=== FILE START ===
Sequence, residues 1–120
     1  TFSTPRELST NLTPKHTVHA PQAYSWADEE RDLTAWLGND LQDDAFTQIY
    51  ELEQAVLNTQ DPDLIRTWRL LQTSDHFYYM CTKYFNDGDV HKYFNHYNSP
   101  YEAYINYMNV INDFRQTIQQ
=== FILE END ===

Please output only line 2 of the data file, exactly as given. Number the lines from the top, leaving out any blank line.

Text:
     1  TFSTPRELST NLTPKHTVHA PQAYSWADEE RDLTAWLGND LQDDAFTQIY